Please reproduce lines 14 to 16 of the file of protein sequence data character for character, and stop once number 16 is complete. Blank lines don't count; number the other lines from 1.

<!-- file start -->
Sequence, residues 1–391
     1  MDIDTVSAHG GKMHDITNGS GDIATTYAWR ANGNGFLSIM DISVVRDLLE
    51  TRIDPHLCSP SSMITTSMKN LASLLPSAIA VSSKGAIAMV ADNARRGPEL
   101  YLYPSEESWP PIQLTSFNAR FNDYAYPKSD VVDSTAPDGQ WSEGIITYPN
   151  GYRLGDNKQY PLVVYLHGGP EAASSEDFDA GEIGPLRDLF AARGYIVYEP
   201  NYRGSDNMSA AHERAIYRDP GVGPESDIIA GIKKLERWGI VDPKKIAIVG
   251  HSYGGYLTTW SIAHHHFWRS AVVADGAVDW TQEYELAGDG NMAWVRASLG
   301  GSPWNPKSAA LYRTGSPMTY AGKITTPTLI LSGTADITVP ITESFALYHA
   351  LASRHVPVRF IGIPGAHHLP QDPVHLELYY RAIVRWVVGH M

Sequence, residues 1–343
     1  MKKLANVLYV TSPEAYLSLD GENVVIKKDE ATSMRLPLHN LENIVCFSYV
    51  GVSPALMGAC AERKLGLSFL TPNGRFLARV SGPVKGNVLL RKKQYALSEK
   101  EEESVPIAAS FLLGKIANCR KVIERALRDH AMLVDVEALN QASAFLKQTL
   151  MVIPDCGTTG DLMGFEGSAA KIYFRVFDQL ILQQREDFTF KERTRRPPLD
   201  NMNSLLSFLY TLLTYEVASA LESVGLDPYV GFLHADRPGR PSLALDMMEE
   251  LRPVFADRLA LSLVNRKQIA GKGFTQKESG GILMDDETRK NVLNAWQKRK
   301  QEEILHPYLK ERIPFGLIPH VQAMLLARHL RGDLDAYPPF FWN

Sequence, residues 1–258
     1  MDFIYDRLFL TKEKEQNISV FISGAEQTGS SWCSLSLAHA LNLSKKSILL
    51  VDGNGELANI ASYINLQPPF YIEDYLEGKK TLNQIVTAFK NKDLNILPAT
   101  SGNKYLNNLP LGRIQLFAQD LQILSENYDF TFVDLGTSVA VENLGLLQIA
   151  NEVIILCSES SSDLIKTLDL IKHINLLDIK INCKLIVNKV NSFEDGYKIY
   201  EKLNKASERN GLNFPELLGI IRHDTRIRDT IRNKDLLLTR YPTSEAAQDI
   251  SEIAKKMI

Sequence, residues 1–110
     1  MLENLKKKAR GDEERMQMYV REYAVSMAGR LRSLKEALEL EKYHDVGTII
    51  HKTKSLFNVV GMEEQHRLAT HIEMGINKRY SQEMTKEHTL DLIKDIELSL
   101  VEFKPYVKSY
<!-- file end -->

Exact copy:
   151  MVIPDCGTTG DLMGFEGSAA KIYFRVFDQL ILQQREDFTF KERTRRPPLD
   201  NMNSLLSFLY TLLTYEVASA LESVGLDPYV GFLHADRPGR PSLALDMMEE
   251  LRPVFADRLA LSLVNRKQIA GKGFTQKESG GILMDDETRK NVLNAWQKRK